On The Range: Burritos

Categories: On The Range

big burrito.jpg
Kvanhorn, via Flickr

On The Range is a weekly exploration of the history and lore of Texas menu items.

San Francisco in the mid-1960's. Peace, love, and cable cars. Be sure to wear some flowers in your hair.

If you were into music, you could go to the Avalon Ballroom or Bill Graham's Fillmore West Auditorium and for a couple of bucks hear such bands as Jefferson Airplane, the Grateful Dead, and Quicksilver Messenger Service, whose thirty-minute workouts on Bo Diddley's classic "Who Do You Love" are the stuff of legend. But for no cost at all, you could make your way to Golden Gate Park, where the Diggers organized free food for all ("It's free because it's yours!"), every day at 4PM. You were merely asked to bring your own bowl and spoon.

Or, if you were really adventurous, you could wander down to the Mission District, birthplace of the modern San Francisco-style burrito--available today virtually everywhere in Dallas.

Like tacos and enchiladas, burritos were well-known in Pre-Columbian times, when Aztecs used corn tortillas to wrap vegetables such as tomatoes, squash, mushrooms, and avocados. Much later, gold miners in Sonora and the American southwest relied on flour tortillas to fold over spiced meat. These hungry miners used burros to transport their equipment, so they dubbed their staple "burrito" (little donkey).

Burritos are referred to as burros in some Arizona restaurants.

The dish evolved over the years, eventually settling into many Mexican establishments. In The Cuisines of Mexico, Diana Kennedy recommends stuffing them with chilorio (shredded pork), mochomos (crispy shredded beef), machacado de huevo (beef and eggs), or making a fried paste of either pink or pinto beans and muenster cheese or chorizo.

In his highly irreverent SF Weekly article, "Cylindrical God", John Roemer notes that the modern day, two-fisted burrito originated in 1960s San Francisco when El Faro grocery store owner Febronio Ontiveros created a massive variation to satisfy the demands of hungry customers:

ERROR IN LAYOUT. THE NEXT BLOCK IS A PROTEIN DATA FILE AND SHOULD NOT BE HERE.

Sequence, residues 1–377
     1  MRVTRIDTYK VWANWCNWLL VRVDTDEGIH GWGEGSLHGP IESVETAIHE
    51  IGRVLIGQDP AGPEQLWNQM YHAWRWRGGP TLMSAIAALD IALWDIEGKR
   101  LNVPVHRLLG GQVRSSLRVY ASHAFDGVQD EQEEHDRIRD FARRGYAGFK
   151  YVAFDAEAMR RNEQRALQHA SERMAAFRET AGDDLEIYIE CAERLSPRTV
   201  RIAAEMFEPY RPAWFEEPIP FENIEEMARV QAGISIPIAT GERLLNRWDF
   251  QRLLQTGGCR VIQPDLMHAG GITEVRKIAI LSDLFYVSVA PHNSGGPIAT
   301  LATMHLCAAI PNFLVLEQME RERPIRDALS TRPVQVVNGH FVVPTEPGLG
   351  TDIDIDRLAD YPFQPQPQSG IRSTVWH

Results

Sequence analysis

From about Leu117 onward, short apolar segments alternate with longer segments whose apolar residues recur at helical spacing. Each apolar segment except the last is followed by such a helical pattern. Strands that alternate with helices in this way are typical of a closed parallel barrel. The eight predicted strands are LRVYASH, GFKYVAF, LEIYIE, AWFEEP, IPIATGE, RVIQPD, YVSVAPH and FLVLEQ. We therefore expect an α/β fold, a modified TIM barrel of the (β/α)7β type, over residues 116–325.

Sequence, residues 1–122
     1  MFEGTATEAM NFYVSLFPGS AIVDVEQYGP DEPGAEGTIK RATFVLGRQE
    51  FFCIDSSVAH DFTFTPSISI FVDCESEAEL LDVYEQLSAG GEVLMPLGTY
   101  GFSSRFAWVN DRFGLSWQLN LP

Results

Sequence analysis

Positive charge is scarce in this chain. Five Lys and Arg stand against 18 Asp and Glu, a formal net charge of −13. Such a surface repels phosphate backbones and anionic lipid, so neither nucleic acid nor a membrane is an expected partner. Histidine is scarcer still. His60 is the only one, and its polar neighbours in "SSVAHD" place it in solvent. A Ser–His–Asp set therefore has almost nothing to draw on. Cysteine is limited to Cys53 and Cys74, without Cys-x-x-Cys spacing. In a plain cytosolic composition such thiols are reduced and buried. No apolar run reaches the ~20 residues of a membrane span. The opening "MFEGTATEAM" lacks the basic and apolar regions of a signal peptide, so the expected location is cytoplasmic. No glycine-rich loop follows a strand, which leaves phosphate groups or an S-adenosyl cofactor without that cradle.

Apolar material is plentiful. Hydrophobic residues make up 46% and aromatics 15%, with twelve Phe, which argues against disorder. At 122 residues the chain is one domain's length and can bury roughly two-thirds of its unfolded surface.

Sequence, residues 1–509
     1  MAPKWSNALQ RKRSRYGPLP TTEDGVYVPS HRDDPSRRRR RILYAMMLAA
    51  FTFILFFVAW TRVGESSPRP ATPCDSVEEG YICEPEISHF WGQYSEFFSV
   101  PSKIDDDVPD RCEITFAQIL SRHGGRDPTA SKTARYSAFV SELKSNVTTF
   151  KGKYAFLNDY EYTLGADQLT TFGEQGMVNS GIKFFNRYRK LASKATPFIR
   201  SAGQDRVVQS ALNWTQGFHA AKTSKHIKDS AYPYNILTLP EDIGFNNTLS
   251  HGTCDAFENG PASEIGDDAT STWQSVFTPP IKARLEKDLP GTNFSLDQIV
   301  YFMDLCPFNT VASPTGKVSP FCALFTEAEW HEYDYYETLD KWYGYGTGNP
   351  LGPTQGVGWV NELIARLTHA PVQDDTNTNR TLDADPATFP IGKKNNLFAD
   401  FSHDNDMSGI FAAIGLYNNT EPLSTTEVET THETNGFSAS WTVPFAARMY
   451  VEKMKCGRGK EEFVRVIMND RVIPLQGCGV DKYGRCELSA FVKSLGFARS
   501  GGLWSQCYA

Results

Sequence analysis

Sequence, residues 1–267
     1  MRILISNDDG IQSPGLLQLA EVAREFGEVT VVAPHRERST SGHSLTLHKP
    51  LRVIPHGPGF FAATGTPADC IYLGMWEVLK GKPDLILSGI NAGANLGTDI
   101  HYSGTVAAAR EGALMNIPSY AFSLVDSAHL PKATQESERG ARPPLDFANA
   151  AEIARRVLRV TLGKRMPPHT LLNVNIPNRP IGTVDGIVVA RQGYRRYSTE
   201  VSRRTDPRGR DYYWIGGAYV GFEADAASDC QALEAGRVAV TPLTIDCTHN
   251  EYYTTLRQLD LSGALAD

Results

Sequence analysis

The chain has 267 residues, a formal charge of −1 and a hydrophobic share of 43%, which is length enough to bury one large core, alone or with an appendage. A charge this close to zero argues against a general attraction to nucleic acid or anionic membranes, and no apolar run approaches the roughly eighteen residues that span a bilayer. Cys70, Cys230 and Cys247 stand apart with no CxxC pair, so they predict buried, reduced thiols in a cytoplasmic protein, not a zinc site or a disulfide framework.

"Ontiveros said that on the first day he was open, a group of firemen from the station down the street came in wanting sandwiches. He didn't have any, but the industrious businessmen wouldn't disappoint them twice. The next day he was ready with burritos. Soon, he made them a staple of the store's growing takeout trade. There were no big tortillas commercially available in those days, so to make the super burrito he overlapped three six-inchers and charged a dollar."

Fast forward to Dallas 2009. You can still get old-fashioned meat or bean and cheese burritos in almost every Mexican restaurant, covered with queso or ranchera sauce. However, San Francisco-style burritos are the darlings of the rapidly growing fast-casual dining scene. There is a Chipotle, Qdoba, or Freebirds on just about every corner, it seems.

Planet Burrito works like most of the others in that you can build lunch to your specifications. Steak, chicken, pork, or brisket can be paired with rice, queso, tomatoes, lettuce, sour cream, onions, and your choice of sauces--including the wicked Diablo salsa made from Scotch Bonnet peppers. You can even omit the flour tortilla and just have your meal in a bowl if your watching carbs.

And thus left coast fare has become part of the Tex-Mex lexicon. In fact, all across the nation. Such a strange vibration.


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